Honouring Parents Part 1
I. honour: High respect, esteem, or reverence, accorded to exalted worth or rank; deferential admiration or approbation.
A. deference: Courteous regard such as is rendered to a superior, or to one to whom respect is due; the manifestation of a disposition to yield to the claims or wishes of another.
B. due: That is owing or payable, as an enforceable obligation or debt.
C. Children OWE their parents honour and parents have a right under God to demand
payment (and err greatly to not demand it).
D. Children, you should honour your parents:
1. because God said so and they rule you in God’s stead.
2. because they did not abort you.
3. because your mother sacrificed her conformation to bear you.
4. because your mother put her life at risk to bear you and deliver you.
5. because they did not sell you or your organs on the black market.
6. because they did not molest you.
7. because they did not prostitute you.
8. because they did not maim you or irreparably hurt you.
9. because they did not force you to work in deep mines or factories when small.
10. because they did not mistreat you or abandon you to where the state stepped in.
11. because they protect you from danger.
12. because they would die in a heartbeat to save you.
13. because they love you and are devoted to your success and well-being.
14. because they go to great lengths to provide you with good things.
15. because they spend more than you can imagine on good food for you.
16. because they spend more than you can imagine to put a roof over your head.
17. because they pay the utilities that warm you, cool you, give you electric power.
18. because they are wiser than you and their counsel is invaluable.
19. because they impose rules and boundaries for your own good.
20. because there is a blessing in it for you.
21. because they do NOT owe you: you owe them.
22. because your reaction to their authority sets the stage for your whole life.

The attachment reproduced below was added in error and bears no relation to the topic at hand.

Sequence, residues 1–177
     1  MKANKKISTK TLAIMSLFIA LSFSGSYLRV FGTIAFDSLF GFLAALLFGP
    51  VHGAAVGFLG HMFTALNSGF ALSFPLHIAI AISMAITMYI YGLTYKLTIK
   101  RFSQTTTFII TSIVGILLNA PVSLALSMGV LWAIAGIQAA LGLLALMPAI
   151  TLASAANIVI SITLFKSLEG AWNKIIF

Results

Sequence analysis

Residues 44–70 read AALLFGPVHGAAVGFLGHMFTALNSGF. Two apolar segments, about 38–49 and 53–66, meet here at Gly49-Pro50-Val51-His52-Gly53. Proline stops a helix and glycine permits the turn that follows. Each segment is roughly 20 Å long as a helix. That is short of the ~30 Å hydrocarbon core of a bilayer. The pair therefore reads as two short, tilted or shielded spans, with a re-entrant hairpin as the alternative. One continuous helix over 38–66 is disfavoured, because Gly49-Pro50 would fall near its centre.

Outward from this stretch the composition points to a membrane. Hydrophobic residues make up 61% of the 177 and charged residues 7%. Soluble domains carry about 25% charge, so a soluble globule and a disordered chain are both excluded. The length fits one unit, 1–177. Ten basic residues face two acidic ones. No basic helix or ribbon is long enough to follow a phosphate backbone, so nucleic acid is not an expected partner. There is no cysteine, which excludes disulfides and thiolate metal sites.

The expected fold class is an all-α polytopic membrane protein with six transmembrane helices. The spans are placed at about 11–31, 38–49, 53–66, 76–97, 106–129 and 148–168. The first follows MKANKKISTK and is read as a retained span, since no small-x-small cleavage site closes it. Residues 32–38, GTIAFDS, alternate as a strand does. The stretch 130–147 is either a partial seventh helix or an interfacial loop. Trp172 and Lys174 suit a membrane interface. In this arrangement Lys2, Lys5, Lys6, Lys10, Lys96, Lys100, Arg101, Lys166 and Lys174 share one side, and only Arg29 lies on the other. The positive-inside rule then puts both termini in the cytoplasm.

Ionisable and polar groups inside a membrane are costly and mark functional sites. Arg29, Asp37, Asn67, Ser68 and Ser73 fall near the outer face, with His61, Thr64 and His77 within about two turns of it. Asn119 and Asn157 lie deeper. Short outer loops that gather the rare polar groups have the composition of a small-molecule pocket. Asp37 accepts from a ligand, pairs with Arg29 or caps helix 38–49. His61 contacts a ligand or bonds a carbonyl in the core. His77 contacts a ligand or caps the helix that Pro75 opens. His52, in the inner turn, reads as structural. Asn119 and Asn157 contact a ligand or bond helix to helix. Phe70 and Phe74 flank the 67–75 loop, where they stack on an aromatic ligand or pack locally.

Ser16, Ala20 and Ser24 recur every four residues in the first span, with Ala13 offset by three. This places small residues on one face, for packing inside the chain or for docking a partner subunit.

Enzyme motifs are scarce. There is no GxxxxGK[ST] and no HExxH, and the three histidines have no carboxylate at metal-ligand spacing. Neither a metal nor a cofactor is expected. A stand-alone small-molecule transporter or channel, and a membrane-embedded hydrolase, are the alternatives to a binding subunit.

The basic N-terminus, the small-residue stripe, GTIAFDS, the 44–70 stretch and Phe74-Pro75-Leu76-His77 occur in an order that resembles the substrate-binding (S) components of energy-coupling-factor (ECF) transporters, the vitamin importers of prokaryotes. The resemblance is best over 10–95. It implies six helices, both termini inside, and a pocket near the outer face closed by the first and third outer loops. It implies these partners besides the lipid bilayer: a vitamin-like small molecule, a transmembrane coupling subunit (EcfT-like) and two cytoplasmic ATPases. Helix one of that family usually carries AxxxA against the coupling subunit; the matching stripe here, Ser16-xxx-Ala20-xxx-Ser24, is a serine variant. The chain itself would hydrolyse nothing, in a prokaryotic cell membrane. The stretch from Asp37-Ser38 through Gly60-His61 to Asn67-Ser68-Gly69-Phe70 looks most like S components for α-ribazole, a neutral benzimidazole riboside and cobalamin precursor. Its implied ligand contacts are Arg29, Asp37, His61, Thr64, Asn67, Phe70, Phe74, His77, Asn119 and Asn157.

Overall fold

23. because not doing so makes your show of Christianity a joke.
24. because not doing so can cost you privileges and benefits.
25. because not doing so can be physically painful.
26. because not doing so can land you in the hands of the magistrate.
27. because not doing so can land you in the hands of the state foster or reform system.
28. because not doing so can get you cut out of their will.
29. because ingratitude is a building block of judgmental darkness and idolatry.
30. because not doing so is a damnable offense worthy of death in God’s eyes.
II. God engraved in stone by His own hand a command for children to honour their parents.
A. It is the first command of the second table of the Law, which treats of human relations.
B. It is the first commandment with promise.
C. It is as much in force today as ever it was. Its scope is universal. EPH 6:1-3.
1. The command applies to children in their youth. PRO 2:17.
2. 19-year-olds were lumped in with the little ones in NUM 14:29-31.
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3. The command applies also to adult children. MAT 15:4-6.
D. Honouring father and mother is part of a larger issue: honouring age and rank in general.
LEV 19:32; JOB 32:6-7.
1. The old imperative, “Respect your elders” is quite correct.
2. It is a sad statement on America when some “non-christian” nations honour their
elders more than we do.
E. There is an element of godly fear involved. LEV 19:3.
F. God Himself in Christ honoured His parents. LUK 2:51; JOH 19:26-27.
III. In the law of Moses, disrespect and/or disobedience to parents was strongly discouraged.
DEU 21:18-21; EXO 21:15, 17.
A. Christ recognized the justice of such severe measures. MAT 15:4-6.
B. The N.T. has taken the sword from out of the church's hand in this matter, but the vileness
of the sin is still as dark as ever. ROM 1:29-32.
C. Paul warns of perilous times which would be partially characterized by a breach of the fifth
commandment. 2TI 3:1-2.
D. The Bible formula for discouraging such dishonour is early discipline and training
undergirded by nurturing kindness. PRO 22:6; 13:24; EPH 6:4.
1. betimes: At an early time, period or season; early in time; early in life.
2. This gives a child a healthy respect for authority and rank which will save him in
later life. EPH 6:3 ct/w PRO 30:17.
3. If you have gotten a late start on training respect into a child, you need to repent of
your tardiness and get things moving in the right direction.
E. Parents who suffer disrespect from the children under their roof are disobeying God and
not doing them any favors.
1. Children are to be trained (manipulated) in the way they should go. PRO 22:6.